Faith, Personal

Wait. Always wait. It always gets better.

Carrying the cross

I’m so glad I got Billy’s photograph when our church carried the cross through the neighborhood this past Good Friday. Because on the morning of June 2, we lost Billy, by his own hand.

Billy had a challenging backstory. He made it out of childhood and adolescence and was trying to build his adult future. The church was directly supporting him and loving him, but it wasn’t enough. Maybe he was crushed by the weight of his past. Maybe the road ahead looked to be too steep. I don’t know.

But I do know about suicide. I’ve written about it here obliquely before, but let me be plain about it now: I lived with and fought through periods of severe depression from the time I was 16 to the time I was about 40. I’ve walked right up to the edge of suicide several times.

During the worst of my depressions I didn’t kill myself because I was afraid of surviving it and being left permanently, horribly damaged. Then after my children were born I never ended it because I couldn’t leave them behind. But during those times, the pain was too great, the recovery road too hard. I wanted no part of life.

Because I stuck it out, sooner or later things got better. Never all better. But things always stopped being screamingly, intolerably bad. Whatever I was feeling, whatever thoughts were looping through my head, they changed all on their own. Mind states are never permanent. And whatever difficulties I was facing, the circumstances changed all on their own. The world keeps going while you are stuck, delivering change into your world. Sometimes circumstances got better and sometimes they got worse, but when they changed I could usually see a path forward when I couldn’t before.

If you ever think about ending your life, wait. Just wait. Your feelings, thoughts, and circumstances will change, if you just hang on.

We gathered at church on Saturday to celebrate his life and mourn our loss. We will miss Billy terribly.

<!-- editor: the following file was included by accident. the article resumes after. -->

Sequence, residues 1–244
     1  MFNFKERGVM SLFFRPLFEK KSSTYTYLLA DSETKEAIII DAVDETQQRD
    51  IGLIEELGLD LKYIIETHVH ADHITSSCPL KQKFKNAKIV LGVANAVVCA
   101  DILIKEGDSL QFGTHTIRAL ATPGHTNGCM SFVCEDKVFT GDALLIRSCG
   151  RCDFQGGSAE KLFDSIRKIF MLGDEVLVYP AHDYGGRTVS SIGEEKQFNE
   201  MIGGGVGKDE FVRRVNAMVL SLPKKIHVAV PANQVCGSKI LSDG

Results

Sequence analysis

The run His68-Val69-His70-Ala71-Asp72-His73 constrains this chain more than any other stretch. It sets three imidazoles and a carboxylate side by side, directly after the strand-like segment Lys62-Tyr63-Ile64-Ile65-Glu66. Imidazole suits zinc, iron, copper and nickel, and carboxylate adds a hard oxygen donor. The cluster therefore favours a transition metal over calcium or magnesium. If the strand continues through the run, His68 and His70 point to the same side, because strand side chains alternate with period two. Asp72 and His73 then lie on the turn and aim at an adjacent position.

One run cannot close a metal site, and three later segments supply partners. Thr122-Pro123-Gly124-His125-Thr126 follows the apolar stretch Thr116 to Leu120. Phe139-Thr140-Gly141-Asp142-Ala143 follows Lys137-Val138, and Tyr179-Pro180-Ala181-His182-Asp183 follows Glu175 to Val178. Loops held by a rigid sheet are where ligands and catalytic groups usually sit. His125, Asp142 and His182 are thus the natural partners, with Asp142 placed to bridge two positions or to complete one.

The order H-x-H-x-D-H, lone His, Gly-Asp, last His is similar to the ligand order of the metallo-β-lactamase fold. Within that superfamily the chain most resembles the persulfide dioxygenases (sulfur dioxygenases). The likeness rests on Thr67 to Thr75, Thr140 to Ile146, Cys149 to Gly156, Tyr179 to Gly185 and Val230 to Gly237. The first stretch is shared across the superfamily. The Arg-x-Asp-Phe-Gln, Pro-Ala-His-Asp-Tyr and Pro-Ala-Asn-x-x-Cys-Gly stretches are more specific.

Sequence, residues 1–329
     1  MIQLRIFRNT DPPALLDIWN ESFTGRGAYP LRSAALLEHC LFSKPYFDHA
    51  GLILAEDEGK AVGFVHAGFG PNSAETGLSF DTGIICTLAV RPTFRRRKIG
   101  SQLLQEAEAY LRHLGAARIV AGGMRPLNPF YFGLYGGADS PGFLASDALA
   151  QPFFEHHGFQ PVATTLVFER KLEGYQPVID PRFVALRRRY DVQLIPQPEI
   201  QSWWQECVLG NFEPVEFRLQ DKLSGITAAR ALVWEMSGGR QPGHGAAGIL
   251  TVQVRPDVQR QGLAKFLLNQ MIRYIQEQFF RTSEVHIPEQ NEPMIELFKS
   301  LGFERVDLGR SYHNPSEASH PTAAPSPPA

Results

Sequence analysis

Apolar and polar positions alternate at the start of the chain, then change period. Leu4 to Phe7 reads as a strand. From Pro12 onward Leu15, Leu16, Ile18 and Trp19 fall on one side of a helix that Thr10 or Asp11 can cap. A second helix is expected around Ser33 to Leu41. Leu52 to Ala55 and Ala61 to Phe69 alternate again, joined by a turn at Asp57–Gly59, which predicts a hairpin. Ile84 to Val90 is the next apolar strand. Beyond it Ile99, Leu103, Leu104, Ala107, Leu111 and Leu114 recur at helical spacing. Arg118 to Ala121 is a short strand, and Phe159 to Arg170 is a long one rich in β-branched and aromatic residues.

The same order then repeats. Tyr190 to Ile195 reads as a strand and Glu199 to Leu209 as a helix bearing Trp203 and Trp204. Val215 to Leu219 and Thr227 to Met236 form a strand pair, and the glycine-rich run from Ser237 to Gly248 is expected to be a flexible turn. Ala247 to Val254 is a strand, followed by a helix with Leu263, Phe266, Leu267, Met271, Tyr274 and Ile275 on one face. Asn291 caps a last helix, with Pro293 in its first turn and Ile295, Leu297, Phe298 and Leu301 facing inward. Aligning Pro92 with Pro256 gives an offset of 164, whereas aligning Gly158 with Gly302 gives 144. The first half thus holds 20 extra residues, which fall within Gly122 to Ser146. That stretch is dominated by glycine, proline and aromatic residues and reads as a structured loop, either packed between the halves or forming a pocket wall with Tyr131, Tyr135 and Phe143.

Billy was 19.


14 thoughts on “Wait. Always wait. It always gets better.

  1. hmunro says:

    I’m heartbroken for Billy, and for everyone who knew and loved him. Gazing at his photo I can only begin to imagine the pain that lay behind that smile. And that’s the thing that can make suicide such a stealthy foe, isn’t it? So many people walk around with masks on that hide their quiet despair. I’m glad you’re not one of them anymore, Jim (because I’ve been there too, and I still remember how dark and desperate that place felt). And I’m especially glad you’ve written this post. I hope your words will resonate with someone else who may be standing on the brink of that abyss, and that they will *just wait.*

  2. DougD says:

    When a young person goes early they miss so much. We can all think of great things that have happened after tough times, or even how tough times led to something great. I hope your community will eventually get to peace over this.

  3. This is so sad, Jim. I’m heartbroken to hear about Billy, and saddened because of the possibilities in his life that are no more. Thank you for sharing your own difficult story, too. I’m hoping it will help someone who’s walking in those shoes right now.

  4. Absolutely heartbreaking. It is so sad to think about how much damage can be suffered at such a young age to cause such desperation. And I am so glad that you are no longer in a place like that.

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